Toronto Film Society presented Hold That Ghost (1941) on Monday, February 16, 1987 in a double bill with The Boys From Syracuse as part of the Season 39 Monday Evening Film Buffs Series “B”, Programme 7.
Production Company: Universal. Producer: Burt Kelly and Glenn Tyron. Director: Arthur Lubin. Screenplay: Robert Lees, Fred Rinaldo, John Grant. Camera: Elwood Bredell and Joseph Valentine. Film Editor: Phillip Cahn.
Cast: Bud Abbott (Chuck Murray), Lou Costello (Ferdinand Jones), Richard Carlson (Doctor Jackson), Joan Davis (Camille Brewster), Mischa Auer (Gregory), with Ted Lewis and his Orchestra, and the Andrew Sisters.
When Universal Pictures began its series of classic “horror” films, with the likes of Frankenstein, Dracula and others, there were few who expected the company would have a “second” chance to reap financial rewards, the plaudits of film-goers from the team of monsters.
However, Bud Abbott and Lou Costello found the monsters to be ideal play-mates in a series of films of the ’40’s, which had the classic characters reduced to straight men (or beings). Hold That Ghost some years earlier, was the first foray of A&C into the ghostly realms, and produced what is generally regarded as one of the best pictures turned out by the team.
The setting is one perfect for the two..a haunted house, and all of the potential situations such a house creates. The two are waiters in a night club operated by a mobster..which allows for the appearances of two of the most popular musical aggregations of that day..Ted Lewis and his Entertainers, and the Andrew Sisters. The two are fired, then operate a gas station, and become beneficiaries of a gang-leaders will. The major asset is deserted country tavern, which becomes the playground of the picture.
The film came early in the career of the duo, being the third in which they had teamed. Their career began in 1940 in One Night in the Tropics, in which the famous “Who’s on First,” routine was included. Their first starring film was Buck Privates which was very well received. Hold That Ghost was originally produced prior to the general release of Buck Privates and after Universal took a look at the outstanding box office success of the latter, it was held over until In the Navy had its full run. The film originally was scheduled as a relatively short programme feature, but the delay in release allowed the studio to rewrite the start and finish of the picture to include Ted Lewis and his band, and the Andrew Sisters musical numbers. The film made good; use of original dialogue and situations without falling back on the familiar Abbott and Costello routines which were already running a little thread-bare from the earlier films.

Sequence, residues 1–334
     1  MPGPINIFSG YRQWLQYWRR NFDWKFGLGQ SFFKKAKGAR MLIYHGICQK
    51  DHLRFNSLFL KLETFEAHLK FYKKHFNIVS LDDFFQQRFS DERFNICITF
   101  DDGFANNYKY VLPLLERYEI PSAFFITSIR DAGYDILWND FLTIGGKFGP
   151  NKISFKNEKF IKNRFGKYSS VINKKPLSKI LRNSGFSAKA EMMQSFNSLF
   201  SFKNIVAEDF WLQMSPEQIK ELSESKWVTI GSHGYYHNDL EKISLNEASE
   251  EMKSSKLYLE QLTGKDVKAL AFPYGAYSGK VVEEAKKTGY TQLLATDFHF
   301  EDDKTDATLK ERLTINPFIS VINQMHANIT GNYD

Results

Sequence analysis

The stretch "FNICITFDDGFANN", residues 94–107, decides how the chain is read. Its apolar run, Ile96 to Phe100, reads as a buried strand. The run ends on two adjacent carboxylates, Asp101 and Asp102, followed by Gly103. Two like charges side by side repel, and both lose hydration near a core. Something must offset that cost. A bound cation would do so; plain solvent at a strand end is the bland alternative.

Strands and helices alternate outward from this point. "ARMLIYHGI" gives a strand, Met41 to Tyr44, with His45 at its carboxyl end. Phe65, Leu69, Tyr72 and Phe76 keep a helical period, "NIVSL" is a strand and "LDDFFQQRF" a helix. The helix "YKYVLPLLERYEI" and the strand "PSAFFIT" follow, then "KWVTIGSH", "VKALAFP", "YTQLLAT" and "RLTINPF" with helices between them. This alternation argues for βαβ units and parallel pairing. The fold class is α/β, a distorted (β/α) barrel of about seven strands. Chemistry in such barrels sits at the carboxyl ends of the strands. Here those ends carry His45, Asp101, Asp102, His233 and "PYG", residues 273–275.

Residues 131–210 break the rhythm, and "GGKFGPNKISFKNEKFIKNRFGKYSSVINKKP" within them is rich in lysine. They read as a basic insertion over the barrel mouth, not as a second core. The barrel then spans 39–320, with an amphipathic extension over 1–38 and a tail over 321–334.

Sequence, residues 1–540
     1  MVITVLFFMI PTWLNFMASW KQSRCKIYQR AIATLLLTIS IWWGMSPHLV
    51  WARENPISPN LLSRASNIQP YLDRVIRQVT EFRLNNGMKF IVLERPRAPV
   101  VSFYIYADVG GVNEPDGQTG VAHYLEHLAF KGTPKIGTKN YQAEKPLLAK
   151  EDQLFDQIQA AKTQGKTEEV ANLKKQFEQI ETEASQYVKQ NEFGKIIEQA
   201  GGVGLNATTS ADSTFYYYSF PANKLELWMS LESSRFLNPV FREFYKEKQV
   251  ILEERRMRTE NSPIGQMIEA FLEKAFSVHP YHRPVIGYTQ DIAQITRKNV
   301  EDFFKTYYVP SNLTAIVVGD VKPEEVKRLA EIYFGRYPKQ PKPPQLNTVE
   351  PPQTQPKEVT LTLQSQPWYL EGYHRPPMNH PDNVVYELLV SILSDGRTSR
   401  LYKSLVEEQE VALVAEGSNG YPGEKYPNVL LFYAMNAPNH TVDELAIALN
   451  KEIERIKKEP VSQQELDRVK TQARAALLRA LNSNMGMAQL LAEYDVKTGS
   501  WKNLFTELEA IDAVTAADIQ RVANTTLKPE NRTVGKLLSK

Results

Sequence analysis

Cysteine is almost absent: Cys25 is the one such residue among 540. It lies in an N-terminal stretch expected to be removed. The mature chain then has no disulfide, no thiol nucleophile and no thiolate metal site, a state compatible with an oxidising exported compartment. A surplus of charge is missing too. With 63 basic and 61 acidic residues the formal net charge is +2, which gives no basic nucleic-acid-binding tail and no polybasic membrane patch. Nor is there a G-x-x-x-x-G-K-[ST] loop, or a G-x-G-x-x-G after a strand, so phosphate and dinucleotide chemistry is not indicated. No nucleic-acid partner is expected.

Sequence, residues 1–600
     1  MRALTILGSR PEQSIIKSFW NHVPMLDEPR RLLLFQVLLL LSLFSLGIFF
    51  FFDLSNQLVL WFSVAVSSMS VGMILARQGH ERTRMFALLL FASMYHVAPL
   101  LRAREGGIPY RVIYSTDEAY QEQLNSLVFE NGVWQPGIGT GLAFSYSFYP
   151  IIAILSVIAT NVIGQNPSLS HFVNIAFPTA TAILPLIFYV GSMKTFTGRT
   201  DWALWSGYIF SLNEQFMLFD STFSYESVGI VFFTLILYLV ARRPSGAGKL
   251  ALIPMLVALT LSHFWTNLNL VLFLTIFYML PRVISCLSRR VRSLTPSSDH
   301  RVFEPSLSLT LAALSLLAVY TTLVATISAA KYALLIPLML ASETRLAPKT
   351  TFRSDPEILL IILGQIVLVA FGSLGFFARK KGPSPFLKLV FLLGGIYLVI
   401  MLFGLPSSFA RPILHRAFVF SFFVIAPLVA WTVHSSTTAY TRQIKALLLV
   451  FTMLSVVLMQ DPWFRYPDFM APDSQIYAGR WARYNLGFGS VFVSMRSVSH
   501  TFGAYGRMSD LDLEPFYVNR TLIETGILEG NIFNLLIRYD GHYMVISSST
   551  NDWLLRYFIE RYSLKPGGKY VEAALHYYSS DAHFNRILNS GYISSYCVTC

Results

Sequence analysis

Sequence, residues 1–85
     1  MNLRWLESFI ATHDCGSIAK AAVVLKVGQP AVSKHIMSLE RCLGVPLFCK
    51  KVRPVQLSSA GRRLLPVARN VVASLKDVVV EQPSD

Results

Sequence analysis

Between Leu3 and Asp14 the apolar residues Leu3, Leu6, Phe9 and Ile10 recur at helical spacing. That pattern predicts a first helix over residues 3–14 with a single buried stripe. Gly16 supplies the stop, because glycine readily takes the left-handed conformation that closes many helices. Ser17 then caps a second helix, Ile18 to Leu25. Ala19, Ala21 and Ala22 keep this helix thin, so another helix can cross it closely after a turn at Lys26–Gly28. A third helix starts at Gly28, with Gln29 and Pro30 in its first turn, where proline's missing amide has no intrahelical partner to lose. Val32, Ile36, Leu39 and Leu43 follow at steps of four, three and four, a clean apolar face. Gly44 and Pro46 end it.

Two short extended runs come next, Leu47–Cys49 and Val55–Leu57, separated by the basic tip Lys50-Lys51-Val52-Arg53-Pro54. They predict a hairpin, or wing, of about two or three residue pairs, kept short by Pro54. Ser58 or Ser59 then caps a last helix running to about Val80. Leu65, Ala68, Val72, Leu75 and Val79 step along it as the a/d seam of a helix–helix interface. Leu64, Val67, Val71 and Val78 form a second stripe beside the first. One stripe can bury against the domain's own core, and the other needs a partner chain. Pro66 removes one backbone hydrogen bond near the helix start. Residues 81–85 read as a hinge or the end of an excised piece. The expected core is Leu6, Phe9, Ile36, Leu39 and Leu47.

Abbott and Costello were “Johnny come latelies” on the movie scene, and although physically in some respects (Fat & Skinny), bore a resemblance to Laurel & Hardy, they were never in the same league. But they were, however, much more than the “patter comedians” who managed to come up with good material. The very longevity of the pair proves the point. By the time they were “discovered” in 1938, they had been working together for nearly a decade, and the meshing of the team was already perfected. They were not “film” comedians, they came out of burlesque and vaudeville. The characters were always the same..Abbott was the domineering wise guy, and Costello the gullible patsy.
William “Bud” Abbott, was born in 1895 in New Jersey. His mother was a bareback rider, and his father an advance man for Ringling Brothers Circus. He had a short stint as a lion tamer, then went into the business end of show business. There are many stories on how he first team with Costello, but the most apt to be believed is that a partner was needed for Lou one night, when his own failed to appear, and that fill-in was Abbott.
Lou Costello, was born Louis Francis Cristillo in 1906, in Paterson, New Jersey. He was a standout in high school sports, left military school in New York, and decided he wanted to be in the movies. He was a stunt man at MGM, and there are reports he plied his trade in about 60 silent films. He left when talkies came in, worked into vaudeville and burlesque, and eventually teamed with Abbott.
Unlike Laurel & Hardy, or Chaplin, the team never really participated in the making of their films, and were at the mercy of their writers and directors. After their first burst of success in the early 40’s, their films became very inconsistent, with “dogs” following “delights” on the screen. Their final film together with Dance With Me Henry in 1956. The team staged an amicable break-up in 1957, based mainly on Abbott’s desire to take it easy. Costello made one forgettable film alone in 1959, The 30 Foot Bride of Candy Rock. A successful t.v. show ran for years in syndication, as did a cartoon show. Costello died of heart failure in 1959, Abbott died in 1974.
As Leonard Maltin wrote: “Bud Abbott and Lou Costello were not artists; they never pretended to be. Their aim was to be funny, and the millions who made them the most popular comedians of the 1940’s, and the millions who discovered them on television prove they succeeded with flying colours.”
Notes by Bill Sturrup
PLEASE NOTE: Our Film Buffs screening on Monday, March 9, will be devote to the career of actress ANNA LEE. The two 1940’s films Bedlam and Summer Storm will be shown, and Miss LEE will be in attendance. Members in all our series have been invited to attend.
Toronto Film Society is back in the theatre! However, we’re still pleased to continue to bring you films straight to your home! Beginning Season 73 until now we have...
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